In a cosmopolitan city filled with foodies, Laurent Katgely thought it was unfortunate that the street-food scene in San Francisco was limited to taco trucks and hot dog stands.
So in May, the owner of Chez Spencer joined the fast-growing mobile-food movement and opened a French food truck on Seventh Street, selling small bites of escargot dipped in butter and other menu items for cheap.
If there is any upshot to this recession, restaurant owners said, it’s that it has rapidly changed the landscape of street food from greasy eats to more sophisticated gourmet foods. It’s a low-risk venture, costing the average food vendor $20,000 to start.
“It exploded after the recession,” Katgely said of the street-food scene. “People don’t have money to spend at a restaurant, but [on mobile trucks], they can have the same thing, but they don’t have to spend that much.”
According to roaminghunger.com, a San Francisco-based Web site that tracks the movement of the local street vendors, there are now more than 58 mobile food vendors in San Francisco. They are planted in neighborhoods all over The City and the Peninsula, offering a variety of epicurean edibles, including gumbo, waffles, curry and cupcakes.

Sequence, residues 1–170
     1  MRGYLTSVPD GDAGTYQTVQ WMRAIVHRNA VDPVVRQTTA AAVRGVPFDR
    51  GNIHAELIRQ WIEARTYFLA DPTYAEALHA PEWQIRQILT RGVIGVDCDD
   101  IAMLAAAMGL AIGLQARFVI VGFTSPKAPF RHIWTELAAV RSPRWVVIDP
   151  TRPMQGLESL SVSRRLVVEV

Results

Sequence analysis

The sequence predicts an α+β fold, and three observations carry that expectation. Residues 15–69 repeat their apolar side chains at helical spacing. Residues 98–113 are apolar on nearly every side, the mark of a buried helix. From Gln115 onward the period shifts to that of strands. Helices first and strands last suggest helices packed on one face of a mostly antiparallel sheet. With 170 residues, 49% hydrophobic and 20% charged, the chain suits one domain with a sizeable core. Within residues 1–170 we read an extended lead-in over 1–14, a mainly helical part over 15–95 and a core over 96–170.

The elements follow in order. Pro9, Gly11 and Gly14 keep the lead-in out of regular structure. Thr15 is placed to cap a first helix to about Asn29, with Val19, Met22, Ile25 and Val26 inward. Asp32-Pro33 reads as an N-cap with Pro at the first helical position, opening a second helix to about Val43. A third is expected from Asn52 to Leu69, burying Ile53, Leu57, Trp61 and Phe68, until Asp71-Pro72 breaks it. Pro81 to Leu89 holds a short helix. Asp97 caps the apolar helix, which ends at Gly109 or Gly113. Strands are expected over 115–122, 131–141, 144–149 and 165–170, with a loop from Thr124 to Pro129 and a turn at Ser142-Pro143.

“It’s a trend,” said Regina Dick-Endrizzi, director of the Office of Small Business for San Francisco. “Many individuals in this economy are looking at it as an affordable way of starting their own business.”
These are exactly the type of microentrepreneurs city officials say will thrive in a compact, pedestrian-dominated city such as San Francisco. Many of these food vendors, which are supposed to get permits through The City, are first-time business owners who like food and cooking as a hobby. City officials are looking at new laws to help foster a more dynamic and successful street-food scene. One option under consideration, Dick-Endrizzi said, is creating specific food-market districts within The City.
“This is a viable business enterprise — one that we want to cultivate a bit,’” Dick-Endrizzi said.
Meanwhile, locals can find out the daily menu on roaminghunger.com, a Web site San Francisco resident Ross Resnick launched last month in response to the proliferation of food vendors.
“It’s exciting,” Resnick said. “People like the adventure of seeking out food and finding new vendors out and about.”